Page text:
6 Pershing Square: Los Angeles Through the 1930s While San Franciscans were busy creating a city according to classic urban patterns, the City of Angels was emerging as an entirely different archetype. Having arrived in an earlier era, the Folks of Los Angeles were growing gray by the 1930s and incresingly feisty. Joining the Folks were expatriates from England and Mitteleuropa and eccentrics from every part of the globe. How could a mid-American city suddenly become so idiosyncratic and outrageous? Los Angeles, as Carey McWilliams put it, was a human volcano in eruption.
7 An All-Seeing Eye: Edward Weston, Ansel Adams, and the Landscape of California Like astronomy, photography possessed a special intensity in California. Theree was so much to see, and how exactly to see it remained a continuing challenge. In the nineteenth century Carleton Watkins, the Walt Whitman of California photography, achieved an epic of perception and presentation that fixed photography as the premier art form of the coast. In the 1920s and 1930s this affinity between California and photography renewed itself as Edward Weston and Ansel Adams captured in fleeting milliseconds of perception a portfolio of images that would preserve a pristine California for all time to come.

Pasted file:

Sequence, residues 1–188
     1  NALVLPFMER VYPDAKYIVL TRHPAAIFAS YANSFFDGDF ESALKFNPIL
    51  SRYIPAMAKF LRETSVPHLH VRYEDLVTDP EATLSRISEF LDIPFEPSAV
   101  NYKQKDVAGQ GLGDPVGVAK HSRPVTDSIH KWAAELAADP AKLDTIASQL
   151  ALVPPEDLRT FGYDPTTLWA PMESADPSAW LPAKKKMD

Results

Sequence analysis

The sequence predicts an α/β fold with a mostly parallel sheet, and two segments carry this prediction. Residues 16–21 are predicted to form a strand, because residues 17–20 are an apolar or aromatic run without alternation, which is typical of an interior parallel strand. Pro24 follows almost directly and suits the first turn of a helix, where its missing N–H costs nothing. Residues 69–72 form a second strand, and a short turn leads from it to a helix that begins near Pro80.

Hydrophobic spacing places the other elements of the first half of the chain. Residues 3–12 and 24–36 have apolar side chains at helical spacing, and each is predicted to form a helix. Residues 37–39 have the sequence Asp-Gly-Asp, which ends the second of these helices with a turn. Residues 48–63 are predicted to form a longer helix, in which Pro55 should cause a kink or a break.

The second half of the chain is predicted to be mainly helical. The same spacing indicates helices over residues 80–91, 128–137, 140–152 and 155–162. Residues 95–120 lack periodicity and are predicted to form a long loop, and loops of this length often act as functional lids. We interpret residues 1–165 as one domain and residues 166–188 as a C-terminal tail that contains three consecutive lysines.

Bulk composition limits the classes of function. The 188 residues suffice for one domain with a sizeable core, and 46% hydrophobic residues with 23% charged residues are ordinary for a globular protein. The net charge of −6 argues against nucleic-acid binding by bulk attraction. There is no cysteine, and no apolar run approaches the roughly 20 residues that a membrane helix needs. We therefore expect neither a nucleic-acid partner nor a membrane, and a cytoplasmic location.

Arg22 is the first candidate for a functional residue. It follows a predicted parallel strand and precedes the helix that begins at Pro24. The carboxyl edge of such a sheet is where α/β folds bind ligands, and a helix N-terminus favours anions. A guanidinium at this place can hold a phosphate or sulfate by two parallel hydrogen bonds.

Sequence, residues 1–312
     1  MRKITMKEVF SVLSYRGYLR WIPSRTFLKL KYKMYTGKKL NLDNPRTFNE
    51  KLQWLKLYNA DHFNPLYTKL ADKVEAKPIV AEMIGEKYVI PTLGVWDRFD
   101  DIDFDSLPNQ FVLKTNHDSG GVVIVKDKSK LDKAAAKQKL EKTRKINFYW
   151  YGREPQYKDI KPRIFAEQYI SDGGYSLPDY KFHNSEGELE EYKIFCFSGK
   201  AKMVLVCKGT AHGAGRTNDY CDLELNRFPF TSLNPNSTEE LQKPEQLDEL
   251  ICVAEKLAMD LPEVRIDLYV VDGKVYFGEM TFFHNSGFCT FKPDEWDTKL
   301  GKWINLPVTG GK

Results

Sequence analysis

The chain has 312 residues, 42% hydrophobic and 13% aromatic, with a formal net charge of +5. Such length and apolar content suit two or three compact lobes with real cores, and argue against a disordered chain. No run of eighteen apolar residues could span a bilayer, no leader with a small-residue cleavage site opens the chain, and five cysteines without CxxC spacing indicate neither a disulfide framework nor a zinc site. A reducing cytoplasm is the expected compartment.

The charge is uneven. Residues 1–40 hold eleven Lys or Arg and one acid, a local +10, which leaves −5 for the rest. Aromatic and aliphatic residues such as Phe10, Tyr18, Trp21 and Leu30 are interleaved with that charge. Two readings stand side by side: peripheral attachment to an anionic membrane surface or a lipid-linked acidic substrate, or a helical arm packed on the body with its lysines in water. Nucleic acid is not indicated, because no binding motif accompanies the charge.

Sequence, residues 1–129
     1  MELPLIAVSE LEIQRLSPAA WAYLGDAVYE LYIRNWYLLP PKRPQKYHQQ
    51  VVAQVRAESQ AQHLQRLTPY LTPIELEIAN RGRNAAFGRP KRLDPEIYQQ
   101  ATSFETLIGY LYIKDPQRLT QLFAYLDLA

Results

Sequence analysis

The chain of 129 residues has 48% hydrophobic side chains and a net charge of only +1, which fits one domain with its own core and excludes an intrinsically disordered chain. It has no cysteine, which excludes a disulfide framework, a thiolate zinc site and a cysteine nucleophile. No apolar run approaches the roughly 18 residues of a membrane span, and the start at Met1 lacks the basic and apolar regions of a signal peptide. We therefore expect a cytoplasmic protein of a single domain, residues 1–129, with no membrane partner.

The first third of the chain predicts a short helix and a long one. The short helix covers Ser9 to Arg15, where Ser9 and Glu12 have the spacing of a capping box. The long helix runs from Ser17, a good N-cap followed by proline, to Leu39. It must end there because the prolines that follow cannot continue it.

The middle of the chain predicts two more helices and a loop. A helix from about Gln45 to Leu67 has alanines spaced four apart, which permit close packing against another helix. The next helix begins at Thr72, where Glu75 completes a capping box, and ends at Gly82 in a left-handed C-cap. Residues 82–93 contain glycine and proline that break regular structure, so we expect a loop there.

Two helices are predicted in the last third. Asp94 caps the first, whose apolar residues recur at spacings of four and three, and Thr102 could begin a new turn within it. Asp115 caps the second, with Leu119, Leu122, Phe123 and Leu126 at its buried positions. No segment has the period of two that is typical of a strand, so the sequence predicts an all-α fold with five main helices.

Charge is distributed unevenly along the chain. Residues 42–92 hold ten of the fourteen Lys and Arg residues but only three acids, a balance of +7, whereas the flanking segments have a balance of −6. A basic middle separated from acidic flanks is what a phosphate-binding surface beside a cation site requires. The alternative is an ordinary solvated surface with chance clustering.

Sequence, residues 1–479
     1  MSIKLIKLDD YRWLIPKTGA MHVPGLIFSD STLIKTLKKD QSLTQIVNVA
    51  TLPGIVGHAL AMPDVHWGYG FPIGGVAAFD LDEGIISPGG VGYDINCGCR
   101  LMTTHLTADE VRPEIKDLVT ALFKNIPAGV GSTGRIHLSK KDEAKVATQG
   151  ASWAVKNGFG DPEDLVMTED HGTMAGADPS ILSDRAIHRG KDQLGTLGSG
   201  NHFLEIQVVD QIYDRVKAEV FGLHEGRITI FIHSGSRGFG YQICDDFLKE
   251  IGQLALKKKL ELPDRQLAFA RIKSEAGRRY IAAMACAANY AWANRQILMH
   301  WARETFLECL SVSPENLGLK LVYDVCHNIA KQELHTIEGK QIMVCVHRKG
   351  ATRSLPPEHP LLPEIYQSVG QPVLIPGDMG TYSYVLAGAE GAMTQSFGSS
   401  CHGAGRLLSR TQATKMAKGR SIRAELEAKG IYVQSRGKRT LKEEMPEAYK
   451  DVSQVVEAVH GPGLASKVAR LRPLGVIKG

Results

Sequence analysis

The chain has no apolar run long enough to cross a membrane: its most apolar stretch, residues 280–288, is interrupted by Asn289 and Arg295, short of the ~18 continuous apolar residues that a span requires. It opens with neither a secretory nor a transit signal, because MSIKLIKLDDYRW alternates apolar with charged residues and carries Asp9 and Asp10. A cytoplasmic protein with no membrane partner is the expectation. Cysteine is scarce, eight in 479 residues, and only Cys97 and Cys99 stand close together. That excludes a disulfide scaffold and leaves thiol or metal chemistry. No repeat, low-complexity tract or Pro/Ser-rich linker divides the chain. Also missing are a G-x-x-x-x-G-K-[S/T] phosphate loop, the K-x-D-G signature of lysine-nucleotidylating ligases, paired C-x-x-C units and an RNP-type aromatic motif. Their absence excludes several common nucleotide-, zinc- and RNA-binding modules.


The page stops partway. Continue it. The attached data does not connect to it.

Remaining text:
8 Angel's Flight: Social Realism Comes to California Art Given to landscapes over the built environment and to a dreamy, mystical view of nature, Post-Impressionism flourished in California through the 1920s. At the Same time, however, the Society of Six was exploding in solar storms of Fauvist color. Watercolorists, meanwhile, were making a direct and kinetic connection with people, architecture, and urban places. Supported by federal programs, muralists recounted the history of the state with a Mexican accent. Sculpture flourished, indoors and out. By 1941 a new view, a new vision, of California had been assembled.